Ever since the loss to Blackburn Rovers that kicked off 2017, it’s fair to say the air of tactical invincibility Rafa Benitez boasted at Newcastle United was at least starting to be questioned.
That is not to say the Spaniard is battling a turning tide by any means, but the fact the Magpies soon ran out of ideas against a side closing in on League One was a cause for concern.
Benitez has largely stuck to a rather rigid 4-2-3-1 formation this term, a system that can help the Toon control possession in swathes, though not exactly a setup that promotes a huge amount of fluidity.
Which is exactly why the absence of Jonjo Shelvey looks so gutting, with neither Isaac Hayden or Jack Colback likely to find a killer ball.
Playing with two defensive midfielders usually means both will take an extra touch or two and kill attacks, with the likes of Mo Diame, Matt Ritchie and Yoan Gouffran also not doing much in the way of creating when Newcastle are at their worst.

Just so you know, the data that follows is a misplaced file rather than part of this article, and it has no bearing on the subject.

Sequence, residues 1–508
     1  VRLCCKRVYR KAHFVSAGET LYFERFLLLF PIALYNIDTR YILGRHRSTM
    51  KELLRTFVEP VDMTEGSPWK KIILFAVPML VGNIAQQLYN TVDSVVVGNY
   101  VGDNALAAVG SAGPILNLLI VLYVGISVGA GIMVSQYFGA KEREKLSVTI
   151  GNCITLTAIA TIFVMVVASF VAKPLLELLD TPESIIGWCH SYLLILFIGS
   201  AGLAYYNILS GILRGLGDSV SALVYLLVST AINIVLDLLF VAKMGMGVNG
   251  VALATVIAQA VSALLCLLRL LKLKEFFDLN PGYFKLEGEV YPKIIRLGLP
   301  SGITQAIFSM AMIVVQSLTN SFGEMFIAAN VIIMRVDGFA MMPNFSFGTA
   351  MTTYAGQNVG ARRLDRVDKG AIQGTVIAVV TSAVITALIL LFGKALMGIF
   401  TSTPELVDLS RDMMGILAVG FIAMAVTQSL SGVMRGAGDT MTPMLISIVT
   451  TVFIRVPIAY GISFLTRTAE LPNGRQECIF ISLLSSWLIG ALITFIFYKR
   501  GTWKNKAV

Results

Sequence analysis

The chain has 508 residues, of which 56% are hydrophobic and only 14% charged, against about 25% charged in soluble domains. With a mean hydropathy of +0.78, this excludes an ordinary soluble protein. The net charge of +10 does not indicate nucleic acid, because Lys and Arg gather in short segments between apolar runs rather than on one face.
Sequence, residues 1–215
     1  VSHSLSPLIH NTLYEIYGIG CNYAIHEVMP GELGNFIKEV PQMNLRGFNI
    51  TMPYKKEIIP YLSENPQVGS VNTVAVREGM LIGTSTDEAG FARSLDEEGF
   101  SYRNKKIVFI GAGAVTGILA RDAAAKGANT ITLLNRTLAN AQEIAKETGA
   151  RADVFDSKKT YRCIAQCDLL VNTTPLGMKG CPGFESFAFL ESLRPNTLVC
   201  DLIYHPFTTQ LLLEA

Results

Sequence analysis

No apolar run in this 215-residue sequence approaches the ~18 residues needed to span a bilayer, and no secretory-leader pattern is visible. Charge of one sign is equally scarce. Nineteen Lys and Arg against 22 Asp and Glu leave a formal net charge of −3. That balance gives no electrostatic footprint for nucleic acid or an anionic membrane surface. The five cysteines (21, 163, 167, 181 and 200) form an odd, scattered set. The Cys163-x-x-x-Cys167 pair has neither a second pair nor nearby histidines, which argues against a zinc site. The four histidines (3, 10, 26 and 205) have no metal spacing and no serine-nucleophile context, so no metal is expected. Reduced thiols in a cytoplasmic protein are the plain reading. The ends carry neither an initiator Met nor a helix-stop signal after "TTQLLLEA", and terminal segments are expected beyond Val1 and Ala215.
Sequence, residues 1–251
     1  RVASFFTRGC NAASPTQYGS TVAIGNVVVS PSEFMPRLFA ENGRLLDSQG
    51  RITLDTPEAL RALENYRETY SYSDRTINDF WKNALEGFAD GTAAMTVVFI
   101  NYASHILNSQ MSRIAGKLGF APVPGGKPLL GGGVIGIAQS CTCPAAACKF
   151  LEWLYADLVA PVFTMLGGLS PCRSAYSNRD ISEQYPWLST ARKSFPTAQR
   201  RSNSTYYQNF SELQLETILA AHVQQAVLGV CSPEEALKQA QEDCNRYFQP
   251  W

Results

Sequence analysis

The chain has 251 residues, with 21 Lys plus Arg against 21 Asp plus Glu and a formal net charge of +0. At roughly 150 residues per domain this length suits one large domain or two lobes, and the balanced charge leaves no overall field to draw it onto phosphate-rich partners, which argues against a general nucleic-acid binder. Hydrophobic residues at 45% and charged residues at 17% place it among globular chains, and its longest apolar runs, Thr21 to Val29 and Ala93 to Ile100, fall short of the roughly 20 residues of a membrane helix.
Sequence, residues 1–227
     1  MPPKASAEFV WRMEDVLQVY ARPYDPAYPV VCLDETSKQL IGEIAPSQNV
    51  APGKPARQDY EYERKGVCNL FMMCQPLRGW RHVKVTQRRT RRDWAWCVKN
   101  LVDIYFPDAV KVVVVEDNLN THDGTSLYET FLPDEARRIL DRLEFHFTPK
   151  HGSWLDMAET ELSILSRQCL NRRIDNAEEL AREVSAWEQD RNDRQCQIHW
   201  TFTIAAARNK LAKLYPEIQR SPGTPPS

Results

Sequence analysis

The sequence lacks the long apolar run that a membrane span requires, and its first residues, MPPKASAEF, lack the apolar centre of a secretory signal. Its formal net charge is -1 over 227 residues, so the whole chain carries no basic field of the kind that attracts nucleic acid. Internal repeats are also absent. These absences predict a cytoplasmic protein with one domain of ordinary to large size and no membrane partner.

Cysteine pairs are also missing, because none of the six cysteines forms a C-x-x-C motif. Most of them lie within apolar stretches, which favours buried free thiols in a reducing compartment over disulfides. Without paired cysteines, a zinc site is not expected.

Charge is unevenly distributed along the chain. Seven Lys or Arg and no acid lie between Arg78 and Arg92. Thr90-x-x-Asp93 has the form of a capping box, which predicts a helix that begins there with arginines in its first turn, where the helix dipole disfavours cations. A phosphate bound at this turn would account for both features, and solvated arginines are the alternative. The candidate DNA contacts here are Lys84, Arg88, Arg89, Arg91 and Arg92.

Still, yesterday’s FA Cup clash with Birmingham City could have been the start of something special.
For the first time, probably since the win over Norwich City when the team poured forward, Benitez showed his ability to flick between a variety of formations, moving from his usual 4-2-3-1 standing to more of a 5-3-2 and then a 3-5-2 when the full-backs bombed forward.
While the 1-1 draw wasn’t the best result, familiarising the side with a number of fluid ways of playing is at least moving to stop such performances as the ones we’ve seen against Sheffield Wednesday and the Rovers of late, with the Toon looking entirely bereft of ideas by the second half.
Though Aleksandar Mitrovic went off injured, the notion of pairing him and Daryl Murphy is a formidable battering-ram like alternative to Dwight Gayle, who looks all too often isolated when Newcastle aren’t playing well.
How many times this season has Benitez dragged Ayoze Perez on to little effect as he tries to force a creative spark behind the Championship’s top scorer? Hopefully, we’re starting to see a departure from that frustrating trend.
Achraf Lazaar is another who has not been handed too much in the way of game time yet, though the Moroccan looked lively on the left yesterday and can be called upon to perform wing-back duties when the team need to force themselves behind enemy lines.
Clearly, it wasn’t exactly the perfect outing, but these are promising signs from Benitez, a man who has been viewed upon as too rigid throughout his career.
The over-reliance on Shelvey is simply scary, though tactical tinkerings such as his work in the second city show he’s really trying to move away from that trend.